The Washington PostDemocracy Dies in Darkness

Bombing outside Kabul girls’ school kills at least 50

After a deadly blast near a school in a Shiite district of Kabul on May 8, Afghan member of parliament Zahra Nawrozi said hospitals were “full of victims.” (Video: AP)

KABUL — The deadliest bombing to strike Kabul in months detonated Saturday outside a school for girls, killing at least 50 people and wounding more than 100, a week after the United States and NATO began the complete withdrawal of their forces from the country.

At the sound of the blast, the school’s principal, Aqila Tawakoli, rushed out to the front gates. It was the end of the school day, and she knew many of her students would still be in the street outside.

“It was like a doomsday that I saw with my own eyes,” she told The Washington Post by phone soon after the blast. “Schoolgirls were fleeing back into school, crying and screaming.”

Violence has risen across Afghanistan since the start of the withdrawal of U.S. and NATO forces on May 1. Much of the increased violence has been from Taliban attacks on vulnerable government-held towns and cities, but on the eve of the withdrawal, a similarly large bombing struck Logar province just south of Kabul.

No group has claimed responsibility for either attack, but they raise concerns that the instability created by the withdrawal of foreign forces could also bring with it waves of violence in urban areas where civilians make up most of the casualties.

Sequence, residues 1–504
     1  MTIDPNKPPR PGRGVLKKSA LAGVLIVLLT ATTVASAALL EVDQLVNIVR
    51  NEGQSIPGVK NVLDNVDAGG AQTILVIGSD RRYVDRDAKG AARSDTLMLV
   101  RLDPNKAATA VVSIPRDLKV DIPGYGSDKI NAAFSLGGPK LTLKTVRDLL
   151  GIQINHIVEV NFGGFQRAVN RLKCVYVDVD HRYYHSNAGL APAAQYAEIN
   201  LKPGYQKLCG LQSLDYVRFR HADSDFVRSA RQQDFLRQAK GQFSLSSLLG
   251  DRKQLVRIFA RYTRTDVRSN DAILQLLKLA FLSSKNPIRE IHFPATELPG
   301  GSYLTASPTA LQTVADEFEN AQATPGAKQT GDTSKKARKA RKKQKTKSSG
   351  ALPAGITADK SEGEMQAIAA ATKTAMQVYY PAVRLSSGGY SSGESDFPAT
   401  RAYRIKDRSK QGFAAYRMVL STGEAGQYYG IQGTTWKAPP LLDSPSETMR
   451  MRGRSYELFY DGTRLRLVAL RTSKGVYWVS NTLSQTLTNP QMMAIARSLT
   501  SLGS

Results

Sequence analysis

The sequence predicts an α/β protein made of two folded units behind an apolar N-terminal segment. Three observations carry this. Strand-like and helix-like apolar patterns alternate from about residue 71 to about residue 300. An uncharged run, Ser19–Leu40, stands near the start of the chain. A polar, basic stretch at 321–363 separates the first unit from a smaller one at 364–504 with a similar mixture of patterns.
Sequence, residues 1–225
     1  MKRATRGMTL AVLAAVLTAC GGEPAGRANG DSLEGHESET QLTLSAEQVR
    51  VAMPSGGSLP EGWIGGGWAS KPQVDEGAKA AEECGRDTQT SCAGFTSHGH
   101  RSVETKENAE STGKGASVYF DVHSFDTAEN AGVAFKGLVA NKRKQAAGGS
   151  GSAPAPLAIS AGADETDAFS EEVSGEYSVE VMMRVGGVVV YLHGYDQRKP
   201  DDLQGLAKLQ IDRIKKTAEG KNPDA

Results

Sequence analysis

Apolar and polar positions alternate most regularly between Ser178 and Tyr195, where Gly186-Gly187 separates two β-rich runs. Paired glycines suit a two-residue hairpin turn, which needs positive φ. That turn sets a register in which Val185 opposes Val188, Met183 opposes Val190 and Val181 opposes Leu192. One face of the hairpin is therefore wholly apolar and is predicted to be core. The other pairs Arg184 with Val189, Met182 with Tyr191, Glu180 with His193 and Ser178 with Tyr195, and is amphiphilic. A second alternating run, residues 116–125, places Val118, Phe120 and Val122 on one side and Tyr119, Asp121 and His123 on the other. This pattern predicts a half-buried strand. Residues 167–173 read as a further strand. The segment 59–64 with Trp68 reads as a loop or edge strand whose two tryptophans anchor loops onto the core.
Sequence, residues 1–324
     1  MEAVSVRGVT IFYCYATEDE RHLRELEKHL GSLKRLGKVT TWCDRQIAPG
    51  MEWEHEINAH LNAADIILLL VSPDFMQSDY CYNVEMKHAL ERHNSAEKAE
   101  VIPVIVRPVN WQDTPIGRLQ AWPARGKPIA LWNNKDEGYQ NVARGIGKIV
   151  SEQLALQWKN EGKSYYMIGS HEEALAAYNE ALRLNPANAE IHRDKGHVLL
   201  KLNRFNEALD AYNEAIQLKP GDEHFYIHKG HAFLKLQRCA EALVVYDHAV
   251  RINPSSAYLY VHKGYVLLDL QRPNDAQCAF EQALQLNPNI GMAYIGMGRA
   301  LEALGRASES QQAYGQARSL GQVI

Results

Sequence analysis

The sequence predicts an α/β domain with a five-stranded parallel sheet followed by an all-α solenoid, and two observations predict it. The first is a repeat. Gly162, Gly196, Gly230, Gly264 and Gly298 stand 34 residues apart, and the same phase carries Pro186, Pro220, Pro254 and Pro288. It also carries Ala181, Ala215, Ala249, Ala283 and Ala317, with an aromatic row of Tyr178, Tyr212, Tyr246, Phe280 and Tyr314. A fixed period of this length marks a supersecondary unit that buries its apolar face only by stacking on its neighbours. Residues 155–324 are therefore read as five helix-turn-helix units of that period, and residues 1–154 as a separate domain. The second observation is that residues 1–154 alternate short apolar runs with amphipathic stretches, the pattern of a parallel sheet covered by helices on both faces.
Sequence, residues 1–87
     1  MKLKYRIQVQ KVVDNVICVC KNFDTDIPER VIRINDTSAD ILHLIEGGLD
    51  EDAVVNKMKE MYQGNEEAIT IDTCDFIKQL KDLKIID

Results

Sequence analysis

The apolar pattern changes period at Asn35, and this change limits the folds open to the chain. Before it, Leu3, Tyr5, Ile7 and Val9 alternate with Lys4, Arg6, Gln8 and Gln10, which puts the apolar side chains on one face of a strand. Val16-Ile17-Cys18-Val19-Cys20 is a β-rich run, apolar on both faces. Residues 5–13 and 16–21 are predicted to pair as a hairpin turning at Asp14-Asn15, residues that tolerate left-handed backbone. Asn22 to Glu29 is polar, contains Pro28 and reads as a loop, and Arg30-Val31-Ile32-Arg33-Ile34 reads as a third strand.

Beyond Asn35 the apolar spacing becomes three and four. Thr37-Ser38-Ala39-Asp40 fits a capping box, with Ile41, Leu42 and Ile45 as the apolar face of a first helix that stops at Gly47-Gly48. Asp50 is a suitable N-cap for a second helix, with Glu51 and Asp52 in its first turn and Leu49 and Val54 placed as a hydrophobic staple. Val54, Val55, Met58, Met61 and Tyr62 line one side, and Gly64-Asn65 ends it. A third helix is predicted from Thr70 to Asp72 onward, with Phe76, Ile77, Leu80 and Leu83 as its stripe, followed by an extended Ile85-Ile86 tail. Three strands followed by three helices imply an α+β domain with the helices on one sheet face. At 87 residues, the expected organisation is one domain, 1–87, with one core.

As the U.S. departs Afghanistan, will the old Taliban reemerge?

The Taliban denied involvement in the attack. Zabiullah Mujahid, a spokesman for the group, condemned it in a tweet. The bombing “targeted civilians & sadly caused heavy losses,” he wrote.

Afghan President Ashraf Ghani also condemned the bombing in a tweet, but he blamed the Taliban for the bloodshed, saying the group is “reluctant to resolve the current crisis peacefully and fundamentally.”

Many of the dead and wounded from Saturday’s attack appeared to be students. Images of the scene that aired on local media showed young women in school uniforms lying in the normally busy street, surrounded by backpacks and notebooks mixed with debris.

“Parents were rushing to school, searching for their children, asking me where to find them,” Tawakoli, the school principal, said, her voice catching. “I had no idea what to do.”

Soon after the attack, ambulances rushed in and out of the neighborhood, sirens blaring.

With a sense of betrayal and relief, Afghans eye a future without U.S. troops

The truck bombing in Logar province last week killed at least 21 people and wounded at least 91. It also struck near an educational institution: The explosives detonated outside a dormitory for students preparing for university exams.

Saturday’s bombing outside Kabul’s Syed Al-Shahda school was in the city’s western neighborhood of Dasht-e-Barchi. Girls from primary through high school attend Syed Al-Shahda, but when the attack struck, classes were being held only for seventh- through 12th-graders.

The Islamic State has carried out several attacks in western Kabul. The neighborhood is predominantly home to ethnic Hazara and Shiite Afghans, whom the Islamic State views as heretics.

Last year, gunmen carried out a brutal attack on a maternity ward in the same neighborhood, killing 16 people, including two newborns. The Afghan government also blamed that attack on the Taliban. But it went unclaimed, and the United States said Islamic State fighters carried it out.